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Unit 1 Higher exam seminar


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An brief overview of the skills needed for each question in the Unit One English Language exam.

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Unit 1 Higher exam seminar

  1. 1. Unit One Higher Exam - Seminar Year 10 GCSE UNIT 1 EXAM 40% of GCSE
  2. 2. QUESTION 1• “What do we learn from ___‟s article about ____?”• 8 marks - 12 minutes• Find 3-4 things that you learn• Make inferences about these things• Link these things where you can• Identify any counter arguments, bias or contradictions• “We learn…”
  3. 3. QUESTION 1 - examiner‟s report - june 2011 exam• Most candidates were able to achieve marks at least at the bottom of Band 3. Candidates, generally, showed an ability to infer points from the text and so demonstrate higher order reading skills. The discriminator seemed to be in recognising that there was a counter argument in favour of renewable energy such as wind farms. A surprising number of otherwise able candidates appeared to miss this. A small minority of candidates discussed the effects of language in the source which was not asked for in the question. However, in so doing, they were able to coincidentally gain marks. Candidates need to understand what the question is asking them ; they should read the source fully for nuances of meaning and understand that inferring meaning from a text is incorporated in what can be learned from it.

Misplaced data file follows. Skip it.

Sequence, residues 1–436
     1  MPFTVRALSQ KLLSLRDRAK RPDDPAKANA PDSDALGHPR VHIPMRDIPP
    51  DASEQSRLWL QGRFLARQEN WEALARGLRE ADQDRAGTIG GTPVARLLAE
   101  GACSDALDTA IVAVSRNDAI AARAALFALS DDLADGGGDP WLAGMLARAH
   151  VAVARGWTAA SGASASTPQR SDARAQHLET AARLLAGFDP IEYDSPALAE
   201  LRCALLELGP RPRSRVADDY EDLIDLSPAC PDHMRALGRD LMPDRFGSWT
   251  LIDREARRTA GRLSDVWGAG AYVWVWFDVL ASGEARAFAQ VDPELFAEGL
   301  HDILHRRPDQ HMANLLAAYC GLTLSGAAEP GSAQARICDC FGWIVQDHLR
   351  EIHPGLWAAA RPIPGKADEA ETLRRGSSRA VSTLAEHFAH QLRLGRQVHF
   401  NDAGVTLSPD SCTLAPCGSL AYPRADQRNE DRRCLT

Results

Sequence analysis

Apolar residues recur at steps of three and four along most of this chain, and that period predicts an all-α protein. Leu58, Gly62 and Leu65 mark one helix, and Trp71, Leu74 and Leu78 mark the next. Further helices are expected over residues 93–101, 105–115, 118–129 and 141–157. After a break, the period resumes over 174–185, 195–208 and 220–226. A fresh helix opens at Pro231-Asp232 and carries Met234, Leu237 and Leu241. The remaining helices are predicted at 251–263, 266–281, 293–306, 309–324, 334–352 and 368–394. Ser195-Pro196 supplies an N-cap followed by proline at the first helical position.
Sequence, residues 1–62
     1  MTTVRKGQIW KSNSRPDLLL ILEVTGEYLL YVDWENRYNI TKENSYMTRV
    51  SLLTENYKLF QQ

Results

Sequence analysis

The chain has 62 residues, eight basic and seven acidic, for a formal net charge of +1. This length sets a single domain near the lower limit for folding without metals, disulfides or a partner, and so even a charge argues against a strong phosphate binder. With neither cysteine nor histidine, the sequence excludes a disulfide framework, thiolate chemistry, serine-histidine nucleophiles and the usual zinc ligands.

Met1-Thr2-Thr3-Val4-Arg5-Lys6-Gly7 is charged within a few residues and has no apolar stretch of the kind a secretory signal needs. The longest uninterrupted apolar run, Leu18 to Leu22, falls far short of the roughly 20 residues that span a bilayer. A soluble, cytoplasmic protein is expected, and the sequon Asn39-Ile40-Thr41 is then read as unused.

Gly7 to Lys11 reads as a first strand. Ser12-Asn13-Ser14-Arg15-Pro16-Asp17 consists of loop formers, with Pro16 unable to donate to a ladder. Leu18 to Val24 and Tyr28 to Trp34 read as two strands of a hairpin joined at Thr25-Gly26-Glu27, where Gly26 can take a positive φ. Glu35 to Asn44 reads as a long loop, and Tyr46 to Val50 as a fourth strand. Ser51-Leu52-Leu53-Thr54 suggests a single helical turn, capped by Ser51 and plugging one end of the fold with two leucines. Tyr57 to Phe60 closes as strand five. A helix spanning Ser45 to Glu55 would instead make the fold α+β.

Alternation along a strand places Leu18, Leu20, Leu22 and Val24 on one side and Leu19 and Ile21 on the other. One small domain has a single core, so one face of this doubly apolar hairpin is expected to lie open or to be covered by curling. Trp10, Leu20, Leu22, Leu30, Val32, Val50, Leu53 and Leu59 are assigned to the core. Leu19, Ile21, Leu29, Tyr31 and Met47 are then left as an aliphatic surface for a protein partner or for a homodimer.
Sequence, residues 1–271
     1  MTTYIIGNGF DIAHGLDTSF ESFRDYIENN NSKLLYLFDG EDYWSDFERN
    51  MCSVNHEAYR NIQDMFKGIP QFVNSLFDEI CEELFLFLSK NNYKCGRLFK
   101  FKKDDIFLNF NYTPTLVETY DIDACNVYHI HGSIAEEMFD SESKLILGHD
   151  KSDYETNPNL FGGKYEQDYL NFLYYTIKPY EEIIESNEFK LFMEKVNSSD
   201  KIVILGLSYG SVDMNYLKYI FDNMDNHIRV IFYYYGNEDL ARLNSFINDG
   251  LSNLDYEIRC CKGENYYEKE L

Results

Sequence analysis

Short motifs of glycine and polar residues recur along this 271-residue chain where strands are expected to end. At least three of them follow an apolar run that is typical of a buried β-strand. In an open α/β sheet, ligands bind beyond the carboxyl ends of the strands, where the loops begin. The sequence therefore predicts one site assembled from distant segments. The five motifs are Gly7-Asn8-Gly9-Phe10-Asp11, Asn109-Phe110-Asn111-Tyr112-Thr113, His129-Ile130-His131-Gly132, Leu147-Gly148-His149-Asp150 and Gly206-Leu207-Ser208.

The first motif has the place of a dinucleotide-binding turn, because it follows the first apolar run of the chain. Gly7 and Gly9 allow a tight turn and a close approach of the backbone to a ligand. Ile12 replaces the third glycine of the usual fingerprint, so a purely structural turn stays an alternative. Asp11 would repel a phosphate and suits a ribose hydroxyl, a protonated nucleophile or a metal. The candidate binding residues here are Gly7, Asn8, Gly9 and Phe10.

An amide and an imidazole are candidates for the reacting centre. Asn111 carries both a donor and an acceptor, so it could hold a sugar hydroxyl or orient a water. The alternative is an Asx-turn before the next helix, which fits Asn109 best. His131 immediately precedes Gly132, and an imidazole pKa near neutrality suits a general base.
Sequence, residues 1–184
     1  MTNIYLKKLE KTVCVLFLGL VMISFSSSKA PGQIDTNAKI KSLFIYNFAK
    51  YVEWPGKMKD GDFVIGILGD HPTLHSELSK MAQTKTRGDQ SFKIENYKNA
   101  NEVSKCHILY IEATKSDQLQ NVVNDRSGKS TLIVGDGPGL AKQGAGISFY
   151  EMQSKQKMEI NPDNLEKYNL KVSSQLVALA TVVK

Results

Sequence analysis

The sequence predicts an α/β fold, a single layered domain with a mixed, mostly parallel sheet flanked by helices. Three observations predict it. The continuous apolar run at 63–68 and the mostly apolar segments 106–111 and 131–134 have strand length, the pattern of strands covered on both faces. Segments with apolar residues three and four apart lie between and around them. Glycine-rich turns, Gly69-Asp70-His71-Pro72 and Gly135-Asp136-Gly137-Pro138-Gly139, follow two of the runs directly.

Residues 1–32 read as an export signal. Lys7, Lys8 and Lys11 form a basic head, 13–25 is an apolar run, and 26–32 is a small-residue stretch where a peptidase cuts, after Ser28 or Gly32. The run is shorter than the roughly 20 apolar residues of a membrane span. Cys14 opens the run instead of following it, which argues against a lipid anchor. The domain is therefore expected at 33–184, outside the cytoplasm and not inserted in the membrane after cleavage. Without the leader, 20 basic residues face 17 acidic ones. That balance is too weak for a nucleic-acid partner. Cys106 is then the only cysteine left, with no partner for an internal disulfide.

4. 4. QUESTION 2• “Explain how headline (sub-headline) and picture are effecive and how they link to text.”• 8 marks - 12 minutes• Language features in headline and sub-headline - effect on reader and link to story/image• Image - connotations of shot type/angle, colours, pose, mise-en-scene and content - effect on reader and link to story/headline• “This shows” “This suggests” “This connotes”
  5. 5. QUESTION 2 - examiner‟s report - june 2011 exam• The arresting picture and headline offered considerable scope for a developed answer. Most candidates were able to make valid comments about the headline and picture and their effects on the reader. The weakest tended to be generic, the most successful attended to the detail in the picture and the meanings of the words in the headline. Candidates, generally, were less comfortable with articulating how the picture and headline linked to the text. However, many did at least make the direct connection between the „iconic ribbon of water‟ and the picture which showed it. Candidates who achieved highest marks were able to explain the pun, the contrast of colours, the location, the significance of „Up‟, the fantasy of toy balloons and Trappe‟s words about a peaceful experience. All of these aspects were available in the picture and headline, and resonated throughout the text.